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Gakuensai (学園祭) - report

Event for teachers, students and everyone else



Our front door sign giving off a welcoming spring vibe


This month we held an event called "Gakuensai," or a "School Festival," with the aim being to provide an opportunity not only for students from various classes across different calligraphy fields to come together and see the fruits of each other`s study, as well as have a look at a wide variety of teacher`s works and last but not least - for the general public and anyone interested in Japanese calligraphy. The event culminated on Sunday with various teachers giving commented tours providing insight into the works displayed and the finer aspects of the art (each Sensei specialising in one particular area, for example kana, kanji or penji).


One room was wholly dedicated to the "Fude asobi" programme, where various types of often unconventional brushes were laid on the tables and it was possible to try them out. They mostly differed in the material from which their tip was made, ranging from a peacock, hair from a cow`s ear, a squirrel, rat or a wildcat to brushes with tips made from materials not related to animals, for example bamboo or igusa (a special kind of grass used to make tatami, traditional Japanese mats).

Each of those unusual brushes provided a completely different writing experience, unlike that with your run-of-the-mill types. For example, the tip made out of swan feathers was extremely soft and as such unpredictable, giving however a very original expression and feeling to each stroke. In other words it wasn`t easy to write even the simplest characters with it, however, one was able to achieve a form of artistic expression that would have been impossible with a standard brush.



Some of the unusual brushes prepared for the Fude Asobi programme

Three classrooms were dedicated to the calligraphy exhibition. One was dedicated solely to the works of our teachers, with at least one work representing each of the calligraphy styles being taught at our school. Those ranged from the standard calligraphy to pen calligraphy, Jitsumu shodo and/or Tenkoku (the art of carving out a calligraphy seal). Another two rooms were full of various works of students and also the staff. Anyone who wanted was able to submit their work, regardless of their level, and as such works of both beginners and experts of various disciplines could be seen displayed side by side.




Visitors were able to see the works of our teachers...


...students...



...and our staff members.

While the exhibit was open from 9:30 to 18:00 starting with Saturday and ending on Tuesday, and it was possible to go and view anytime, on Sunday we had three commented tours where an expert in one of the three main areas (Kana / Kanji and Kan-kana / Penji) that were present would give a detailed explanation as pertains to each of the works displayed and explain some of the general rules applying to the discipline at hand. For example with Kana shodo there are several important rules of the thumb that make it kana shodo. One is the presence of so-called hentaigana (変体仮名) - a version of hiragana that is unusual or obsolete and used almost exclusively in calligraphy nowadays (which also implies that without proper training it`s hard or almost impossible to read even for Japanese). Another one is "chirashi gaki" (散らし書き) where you have a significant amount of space between the individual columns, and usually the work is divided into two halves (with a rather wide blank space in between). Then there is the overall balance, where the individual columns are not aligned, but rather start and end in different heights. The teacher who was commenting the tour said that for her it`s especially tasteful if the middle is aligned to the top and sides are lower, thus giving the work the impression of a mountain (when looking at the shape from a distance).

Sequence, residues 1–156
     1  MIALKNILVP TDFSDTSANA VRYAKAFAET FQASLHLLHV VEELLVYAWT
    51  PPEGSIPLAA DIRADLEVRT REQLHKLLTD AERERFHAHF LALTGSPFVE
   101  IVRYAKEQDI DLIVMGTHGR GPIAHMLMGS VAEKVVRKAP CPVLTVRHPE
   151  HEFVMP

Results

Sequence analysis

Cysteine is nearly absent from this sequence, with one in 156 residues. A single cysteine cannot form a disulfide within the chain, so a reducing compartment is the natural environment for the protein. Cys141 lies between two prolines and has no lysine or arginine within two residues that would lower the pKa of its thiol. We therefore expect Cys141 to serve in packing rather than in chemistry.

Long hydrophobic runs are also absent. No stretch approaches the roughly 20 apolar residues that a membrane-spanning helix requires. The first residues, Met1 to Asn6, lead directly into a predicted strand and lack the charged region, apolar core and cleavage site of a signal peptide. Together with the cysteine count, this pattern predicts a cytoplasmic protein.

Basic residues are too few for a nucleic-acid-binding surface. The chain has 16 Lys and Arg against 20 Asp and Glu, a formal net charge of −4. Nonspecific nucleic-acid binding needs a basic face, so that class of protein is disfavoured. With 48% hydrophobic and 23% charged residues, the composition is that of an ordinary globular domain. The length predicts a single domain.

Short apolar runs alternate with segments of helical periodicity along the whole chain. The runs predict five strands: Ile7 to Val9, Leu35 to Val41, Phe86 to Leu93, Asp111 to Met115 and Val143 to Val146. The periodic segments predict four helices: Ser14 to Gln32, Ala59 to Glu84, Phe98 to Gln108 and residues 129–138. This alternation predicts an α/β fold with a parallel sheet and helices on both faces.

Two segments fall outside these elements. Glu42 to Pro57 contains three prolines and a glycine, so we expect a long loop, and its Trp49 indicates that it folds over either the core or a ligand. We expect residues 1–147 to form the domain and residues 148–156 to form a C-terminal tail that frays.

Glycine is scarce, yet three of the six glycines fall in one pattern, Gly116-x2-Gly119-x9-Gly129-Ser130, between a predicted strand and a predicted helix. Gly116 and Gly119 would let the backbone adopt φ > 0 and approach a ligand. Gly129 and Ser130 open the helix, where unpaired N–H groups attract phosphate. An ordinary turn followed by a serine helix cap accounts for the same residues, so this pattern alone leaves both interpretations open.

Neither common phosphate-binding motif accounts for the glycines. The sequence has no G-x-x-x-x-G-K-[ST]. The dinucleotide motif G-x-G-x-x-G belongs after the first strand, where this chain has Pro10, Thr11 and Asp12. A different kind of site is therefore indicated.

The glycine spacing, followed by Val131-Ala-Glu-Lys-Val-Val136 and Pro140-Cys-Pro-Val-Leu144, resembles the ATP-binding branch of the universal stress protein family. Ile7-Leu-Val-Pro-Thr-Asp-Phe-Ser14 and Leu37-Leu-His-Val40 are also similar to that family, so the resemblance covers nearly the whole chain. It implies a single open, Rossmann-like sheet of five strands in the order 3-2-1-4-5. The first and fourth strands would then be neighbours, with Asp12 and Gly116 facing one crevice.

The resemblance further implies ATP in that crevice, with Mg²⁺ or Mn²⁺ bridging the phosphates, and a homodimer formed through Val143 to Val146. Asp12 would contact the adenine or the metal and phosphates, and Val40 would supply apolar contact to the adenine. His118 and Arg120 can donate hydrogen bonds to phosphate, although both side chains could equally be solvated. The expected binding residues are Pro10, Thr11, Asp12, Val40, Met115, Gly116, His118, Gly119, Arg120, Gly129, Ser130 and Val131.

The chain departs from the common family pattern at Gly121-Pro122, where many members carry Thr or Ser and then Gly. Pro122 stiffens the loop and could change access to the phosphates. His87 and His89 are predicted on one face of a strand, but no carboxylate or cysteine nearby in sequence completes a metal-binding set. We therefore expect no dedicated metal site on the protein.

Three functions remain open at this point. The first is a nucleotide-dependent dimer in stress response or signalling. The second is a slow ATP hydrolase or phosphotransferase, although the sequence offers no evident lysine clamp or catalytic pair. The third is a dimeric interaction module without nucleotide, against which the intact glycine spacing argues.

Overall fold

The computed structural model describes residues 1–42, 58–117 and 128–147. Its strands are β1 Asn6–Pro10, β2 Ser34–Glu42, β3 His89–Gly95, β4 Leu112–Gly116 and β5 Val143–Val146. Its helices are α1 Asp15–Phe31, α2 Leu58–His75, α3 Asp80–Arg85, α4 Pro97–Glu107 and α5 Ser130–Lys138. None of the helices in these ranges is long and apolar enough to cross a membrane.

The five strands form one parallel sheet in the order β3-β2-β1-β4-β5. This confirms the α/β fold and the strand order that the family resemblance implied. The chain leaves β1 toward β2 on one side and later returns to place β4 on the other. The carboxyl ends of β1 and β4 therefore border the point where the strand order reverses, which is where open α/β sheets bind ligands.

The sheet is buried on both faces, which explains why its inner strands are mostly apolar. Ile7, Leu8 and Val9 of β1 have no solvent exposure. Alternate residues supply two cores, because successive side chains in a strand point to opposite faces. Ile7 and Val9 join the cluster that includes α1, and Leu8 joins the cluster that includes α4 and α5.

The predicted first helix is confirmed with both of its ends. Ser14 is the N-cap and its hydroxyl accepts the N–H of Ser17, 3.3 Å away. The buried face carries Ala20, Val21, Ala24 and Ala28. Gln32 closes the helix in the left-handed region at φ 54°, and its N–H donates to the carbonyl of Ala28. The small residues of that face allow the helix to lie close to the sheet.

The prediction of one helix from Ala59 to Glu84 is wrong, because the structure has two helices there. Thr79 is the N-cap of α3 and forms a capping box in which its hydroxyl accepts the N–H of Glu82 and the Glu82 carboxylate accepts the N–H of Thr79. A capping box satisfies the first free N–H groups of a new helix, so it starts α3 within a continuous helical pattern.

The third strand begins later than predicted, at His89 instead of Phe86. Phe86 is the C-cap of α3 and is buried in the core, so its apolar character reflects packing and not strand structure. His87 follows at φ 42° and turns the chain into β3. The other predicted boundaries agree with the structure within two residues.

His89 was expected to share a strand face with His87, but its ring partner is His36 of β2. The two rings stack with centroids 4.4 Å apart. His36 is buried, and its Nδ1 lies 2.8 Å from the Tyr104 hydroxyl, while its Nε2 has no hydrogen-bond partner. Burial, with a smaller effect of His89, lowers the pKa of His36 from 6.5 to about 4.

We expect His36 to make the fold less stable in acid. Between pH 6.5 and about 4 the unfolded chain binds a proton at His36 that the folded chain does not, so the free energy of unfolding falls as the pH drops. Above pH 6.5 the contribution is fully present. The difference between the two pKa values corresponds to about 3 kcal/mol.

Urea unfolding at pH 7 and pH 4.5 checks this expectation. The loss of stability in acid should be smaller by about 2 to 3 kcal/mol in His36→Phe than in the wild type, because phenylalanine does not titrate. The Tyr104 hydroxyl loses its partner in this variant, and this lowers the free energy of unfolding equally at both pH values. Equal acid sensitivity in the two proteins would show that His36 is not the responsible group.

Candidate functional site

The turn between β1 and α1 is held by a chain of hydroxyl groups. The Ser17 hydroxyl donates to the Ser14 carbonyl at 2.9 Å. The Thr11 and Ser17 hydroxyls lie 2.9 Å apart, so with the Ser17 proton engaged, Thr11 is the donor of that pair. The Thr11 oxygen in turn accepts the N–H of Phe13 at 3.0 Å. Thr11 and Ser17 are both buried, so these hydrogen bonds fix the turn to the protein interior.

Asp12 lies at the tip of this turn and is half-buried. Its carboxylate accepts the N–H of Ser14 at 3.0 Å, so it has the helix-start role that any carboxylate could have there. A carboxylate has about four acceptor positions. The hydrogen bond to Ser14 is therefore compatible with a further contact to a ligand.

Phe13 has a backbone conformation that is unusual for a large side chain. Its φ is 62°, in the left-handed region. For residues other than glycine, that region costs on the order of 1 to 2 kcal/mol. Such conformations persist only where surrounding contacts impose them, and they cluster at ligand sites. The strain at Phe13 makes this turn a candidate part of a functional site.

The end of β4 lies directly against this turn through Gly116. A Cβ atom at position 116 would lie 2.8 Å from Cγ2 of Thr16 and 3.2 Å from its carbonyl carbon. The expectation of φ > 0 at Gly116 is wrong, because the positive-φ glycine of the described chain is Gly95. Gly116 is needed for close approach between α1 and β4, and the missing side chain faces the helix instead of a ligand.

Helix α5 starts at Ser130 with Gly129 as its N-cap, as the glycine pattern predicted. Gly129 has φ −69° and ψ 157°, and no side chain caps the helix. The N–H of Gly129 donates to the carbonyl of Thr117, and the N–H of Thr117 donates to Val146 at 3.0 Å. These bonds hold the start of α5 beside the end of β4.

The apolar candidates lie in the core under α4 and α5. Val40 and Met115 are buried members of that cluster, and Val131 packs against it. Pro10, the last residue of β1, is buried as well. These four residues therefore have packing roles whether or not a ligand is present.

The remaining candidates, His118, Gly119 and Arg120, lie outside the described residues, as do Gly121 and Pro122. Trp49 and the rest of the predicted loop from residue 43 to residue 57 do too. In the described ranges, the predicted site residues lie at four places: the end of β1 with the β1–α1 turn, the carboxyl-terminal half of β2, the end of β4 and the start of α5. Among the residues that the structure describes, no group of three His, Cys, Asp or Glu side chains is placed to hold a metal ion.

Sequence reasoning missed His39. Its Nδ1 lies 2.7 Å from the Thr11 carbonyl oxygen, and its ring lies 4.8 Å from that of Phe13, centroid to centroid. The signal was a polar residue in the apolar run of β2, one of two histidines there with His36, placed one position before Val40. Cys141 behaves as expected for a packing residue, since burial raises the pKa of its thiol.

Hanada-sensei, a kanji expert, gives a commented tour...

...and there is no shortage of people eager to listen to his interpretation.

Last but not least, there were also calligraphy demonstrations by Niikura-sensei and Hanada-sensei, where one could admire the skills of two top-notch masters showing kana and kanji writings respectively. Both were done on a hansetsu paper, which is significantly longer than hanshi, thus making it more demanding to write and maintain the proper balance between the characters and within the work itself. On their way back our guests could visit "Ikkyuen," a specialised brush shop from Hiroshima that came specifically for the occasion and offered its brushes with a 20% discount (Hiroshima area is famous for its calligraphy brushes, which are highly sought after by many top calligraphers throughout the country).



Niikura- sensei writing kana shodo.

Hanada- sensei`s kanji exhibition.

Ikkyuen - the brush shop from Hiroshima.

Although the event officially finished on 27th March (Tuesday) and the calligraphy works are no longer freely displayed, our doors remain open to anyone who is interested in knowing more about this ancient and entertaining art.




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